When Jessica Curry took her 2-year-old daughter, Parker to the Smithsonian National Portrait Gallery in Washington, D.C., a museum that they have visited many times before, she never expected her little girl would become a viral sensation and an inspiration to people all over the world.
After Parker stood in front of the now infamous portrait by artist Amy Sherald of former First Lady Michelle Obama, Ben Hines, who stood in line behind the Curry family, captured Parker gazing at the portrait in awe and posted the image on Facebook. The sweet photo was continously reshared and eventually ended up in front of Mrs. Obama.
On Tuesday morning, Parker and her family experienced a moment of a lifetime when they received an invitation to meet the former First Lady at her D.C. office. Still a toddler, Parker is already living her best #BlackGirlMagic life sharing a dance and many hugs with Mrs. Obama during their visit.
TheGrio caught up with Jessica (who has been inundated with media requests for her new superstar daughter) about Parker becoming an internet sensation, the power of Black woman iconography and what it was like hanging out with Queen Michelle.
TheGrio: What was it like meeting Michelle Obama?
Jessica Curry: Mrs. Obama’s team reached out to us directly. They said that she really wanted to meet Parker. Of course, I wasn’t going to decline their request. To even get that phone call and hear that our former First Lady wanted to meet my 2-year-old daughter was was extremely mind-blowing, overwhelming, and humbling.
We feel honored and humbled that this picture of Parker has gone viral and inspired and touched so many people. We also feel honored that Mrs. Obama wanted to reach out and talk to her, spend time with her, and encourage her in the same way that I do. She told her that she was beautiful, she was smart, and she could be whoever she wanted to be. It was a wonderful experience and one that I am so looking forward to sharing with Parker when she can fully grasp it because right now, she’s just like, ‘Oh I saw the Queen.’
TheGrio: What did they do during the meeting?
Jessica Curry: When Parker first saw Michelle Obama, they hugged. There were a number of people standing there, but Parker was trying to figure out what was going on. When she realized it was the same face as in the portrait, she was like Oh, this is her in the flesh! She was a little caught off guard, but just so pleasantly surprised and pleased. Mrs Obama is a wonderful woman and more than I ever imagined. She’s so sweet, so humble, so laid back and warm. We really enjoyed the time we spent together.
TheGrio: What made you decide to take your daughters (Parker and her little sister, Ava) to the Smithsonian National Portrait Gallery?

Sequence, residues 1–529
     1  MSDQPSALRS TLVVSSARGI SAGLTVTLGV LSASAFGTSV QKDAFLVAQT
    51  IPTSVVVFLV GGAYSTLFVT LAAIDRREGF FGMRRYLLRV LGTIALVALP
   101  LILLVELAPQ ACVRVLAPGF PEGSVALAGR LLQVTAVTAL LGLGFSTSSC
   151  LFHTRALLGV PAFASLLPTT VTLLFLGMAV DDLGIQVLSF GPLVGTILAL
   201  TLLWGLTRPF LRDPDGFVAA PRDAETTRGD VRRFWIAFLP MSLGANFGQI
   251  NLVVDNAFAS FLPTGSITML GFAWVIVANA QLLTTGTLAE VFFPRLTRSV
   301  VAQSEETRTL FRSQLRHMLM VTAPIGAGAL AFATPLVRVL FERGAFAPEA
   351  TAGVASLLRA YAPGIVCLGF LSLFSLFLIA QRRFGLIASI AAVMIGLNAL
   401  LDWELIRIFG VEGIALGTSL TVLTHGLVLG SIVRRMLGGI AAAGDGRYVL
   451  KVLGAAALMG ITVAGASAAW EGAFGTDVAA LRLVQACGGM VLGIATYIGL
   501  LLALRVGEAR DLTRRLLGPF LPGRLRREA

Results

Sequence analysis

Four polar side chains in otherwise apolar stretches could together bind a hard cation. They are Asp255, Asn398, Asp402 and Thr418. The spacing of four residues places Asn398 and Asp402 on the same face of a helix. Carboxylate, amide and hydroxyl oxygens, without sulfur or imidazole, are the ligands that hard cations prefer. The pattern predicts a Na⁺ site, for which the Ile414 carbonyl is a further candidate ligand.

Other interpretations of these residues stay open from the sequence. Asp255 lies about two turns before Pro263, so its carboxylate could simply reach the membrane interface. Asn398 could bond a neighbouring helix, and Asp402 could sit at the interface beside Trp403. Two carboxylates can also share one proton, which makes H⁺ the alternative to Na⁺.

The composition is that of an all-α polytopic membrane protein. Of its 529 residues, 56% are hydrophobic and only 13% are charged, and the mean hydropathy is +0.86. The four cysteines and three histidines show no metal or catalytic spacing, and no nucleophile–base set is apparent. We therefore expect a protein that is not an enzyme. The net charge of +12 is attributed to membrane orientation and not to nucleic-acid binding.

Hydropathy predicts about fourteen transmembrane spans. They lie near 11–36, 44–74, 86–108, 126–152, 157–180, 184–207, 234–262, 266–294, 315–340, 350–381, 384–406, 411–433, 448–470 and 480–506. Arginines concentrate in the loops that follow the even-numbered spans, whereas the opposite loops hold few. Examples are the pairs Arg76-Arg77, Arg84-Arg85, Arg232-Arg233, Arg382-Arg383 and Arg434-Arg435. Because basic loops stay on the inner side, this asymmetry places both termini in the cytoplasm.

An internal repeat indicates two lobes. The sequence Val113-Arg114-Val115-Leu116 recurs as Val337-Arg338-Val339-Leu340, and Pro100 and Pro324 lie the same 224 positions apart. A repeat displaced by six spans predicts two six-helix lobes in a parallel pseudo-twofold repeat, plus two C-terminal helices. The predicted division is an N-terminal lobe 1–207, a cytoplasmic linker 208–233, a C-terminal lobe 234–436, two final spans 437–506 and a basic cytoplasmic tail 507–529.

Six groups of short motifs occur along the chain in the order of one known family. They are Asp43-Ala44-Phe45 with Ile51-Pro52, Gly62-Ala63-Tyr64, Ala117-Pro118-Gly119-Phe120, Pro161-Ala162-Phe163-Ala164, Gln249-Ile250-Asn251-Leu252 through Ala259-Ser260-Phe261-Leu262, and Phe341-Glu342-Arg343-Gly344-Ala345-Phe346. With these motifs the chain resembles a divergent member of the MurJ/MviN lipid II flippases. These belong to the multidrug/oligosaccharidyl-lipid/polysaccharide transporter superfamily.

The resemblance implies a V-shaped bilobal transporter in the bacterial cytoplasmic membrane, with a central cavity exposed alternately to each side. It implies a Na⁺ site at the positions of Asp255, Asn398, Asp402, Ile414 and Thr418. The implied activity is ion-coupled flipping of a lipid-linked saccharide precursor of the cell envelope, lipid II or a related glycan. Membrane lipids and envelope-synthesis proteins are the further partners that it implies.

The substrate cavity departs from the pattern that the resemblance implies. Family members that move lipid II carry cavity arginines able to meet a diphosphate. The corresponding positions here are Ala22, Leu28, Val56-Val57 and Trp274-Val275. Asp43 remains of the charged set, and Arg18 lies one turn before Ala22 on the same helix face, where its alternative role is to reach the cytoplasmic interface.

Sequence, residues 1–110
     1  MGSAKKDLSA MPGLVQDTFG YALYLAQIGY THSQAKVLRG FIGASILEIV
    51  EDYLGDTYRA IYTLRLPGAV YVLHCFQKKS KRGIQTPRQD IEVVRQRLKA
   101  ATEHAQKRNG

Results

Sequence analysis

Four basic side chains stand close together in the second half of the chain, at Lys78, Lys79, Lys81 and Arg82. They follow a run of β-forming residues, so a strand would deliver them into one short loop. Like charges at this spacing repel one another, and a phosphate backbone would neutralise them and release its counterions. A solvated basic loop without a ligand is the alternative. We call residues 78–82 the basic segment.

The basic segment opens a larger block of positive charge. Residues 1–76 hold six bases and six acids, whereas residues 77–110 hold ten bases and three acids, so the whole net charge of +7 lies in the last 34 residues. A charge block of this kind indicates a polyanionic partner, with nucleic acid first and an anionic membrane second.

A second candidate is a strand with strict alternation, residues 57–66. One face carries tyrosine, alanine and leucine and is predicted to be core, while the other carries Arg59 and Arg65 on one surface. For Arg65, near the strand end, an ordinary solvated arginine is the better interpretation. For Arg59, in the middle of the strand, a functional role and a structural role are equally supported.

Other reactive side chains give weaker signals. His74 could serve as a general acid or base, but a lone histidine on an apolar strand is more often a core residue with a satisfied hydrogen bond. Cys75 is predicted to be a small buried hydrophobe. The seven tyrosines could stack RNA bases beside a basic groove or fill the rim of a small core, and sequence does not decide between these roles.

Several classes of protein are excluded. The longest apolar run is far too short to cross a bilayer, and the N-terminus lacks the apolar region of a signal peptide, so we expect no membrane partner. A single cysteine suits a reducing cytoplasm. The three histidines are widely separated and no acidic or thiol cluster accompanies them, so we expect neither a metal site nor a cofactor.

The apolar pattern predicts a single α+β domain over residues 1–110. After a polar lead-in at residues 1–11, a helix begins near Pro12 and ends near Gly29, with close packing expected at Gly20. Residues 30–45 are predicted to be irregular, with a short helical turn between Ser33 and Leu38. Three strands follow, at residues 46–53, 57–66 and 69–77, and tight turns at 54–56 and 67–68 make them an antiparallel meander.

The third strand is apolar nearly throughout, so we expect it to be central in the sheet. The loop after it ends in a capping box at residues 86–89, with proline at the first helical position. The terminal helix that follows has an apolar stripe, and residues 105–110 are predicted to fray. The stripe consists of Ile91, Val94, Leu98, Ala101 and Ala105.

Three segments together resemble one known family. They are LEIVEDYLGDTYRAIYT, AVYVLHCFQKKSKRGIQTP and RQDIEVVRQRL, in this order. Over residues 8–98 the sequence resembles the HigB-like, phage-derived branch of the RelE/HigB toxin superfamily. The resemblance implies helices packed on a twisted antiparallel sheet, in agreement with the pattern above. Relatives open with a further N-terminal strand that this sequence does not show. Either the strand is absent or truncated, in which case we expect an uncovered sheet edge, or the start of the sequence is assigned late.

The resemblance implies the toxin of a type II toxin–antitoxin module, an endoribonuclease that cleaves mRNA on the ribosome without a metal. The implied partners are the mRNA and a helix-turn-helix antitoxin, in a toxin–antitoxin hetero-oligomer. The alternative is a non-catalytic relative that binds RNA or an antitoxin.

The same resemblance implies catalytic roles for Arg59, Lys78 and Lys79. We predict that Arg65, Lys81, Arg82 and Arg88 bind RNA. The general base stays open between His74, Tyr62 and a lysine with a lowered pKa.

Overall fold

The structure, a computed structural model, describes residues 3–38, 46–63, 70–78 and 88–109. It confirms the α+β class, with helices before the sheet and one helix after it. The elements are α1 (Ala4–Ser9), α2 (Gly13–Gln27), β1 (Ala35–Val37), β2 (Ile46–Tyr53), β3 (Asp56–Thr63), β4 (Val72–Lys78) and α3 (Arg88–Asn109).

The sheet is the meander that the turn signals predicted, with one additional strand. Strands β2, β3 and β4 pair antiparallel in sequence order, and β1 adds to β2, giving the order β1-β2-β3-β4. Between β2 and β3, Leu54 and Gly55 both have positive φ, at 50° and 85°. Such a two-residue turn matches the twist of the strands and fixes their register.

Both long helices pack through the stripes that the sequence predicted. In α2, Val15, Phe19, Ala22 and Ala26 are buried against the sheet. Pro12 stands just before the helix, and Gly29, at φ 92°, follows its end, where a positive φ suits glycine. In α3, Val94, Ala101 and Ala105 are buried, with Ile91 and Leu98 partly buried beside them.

Jessica Curry: We’ve been there many times before and we frequently go to other local art installations. Since the girls aren’t in traditional preschool, I’m always trying to give them opportunities in art. We specifically went that day because I wanted them to see the new portraits of Michelle and Barack Obama.
TheGrio: What were you thinking when you noticed Parker staring at Mrs. Obama’s portrait?
Jessica Curry: I was really looking forward to seeing the portraits myself and it was exciting for me to be able to take Parker and for her to see this woman who looks just like her and has achieved this incomparable accomplishment. I’m always trying to create opportunities for Parker to see women of color in positions where they’ve achieved greatness. I want her to understand and believe that she can do anything she wants to do and be whoever she wants to be. My goal is to inspire her to be great. I want her to know that there is no set limitations or boundaries of what she can do or who she can be.
TheGrio: Why do you think the photo made such an impact with people?
Jessica Curry: People can see that if we can instill in our little people that no matter what’s going on in the world, nothing can limit them from being who they want to be and achieving what they want to achieve. That’s really the most important thing that I feel should be taken from the photo.
TheGrio: What do you want Parker to remember most from this experience?
Jessica Curry: My wish is that she remembers how profound of an impact she made on so many people around the world. It’s bigger than her; it’s about all of our youth, children, and little people and instilling in them that it doesn’t matter where you come from and what you have, you can do anything. You can be anyone. You can achieve greatness. I hope she looks back and she is like, ‘wow, I touched and inspired so many people.’
Follow Jessica Curry on her blog, “Happy Momma, Happy Babies,” which is based upon her experiences as a mother of two.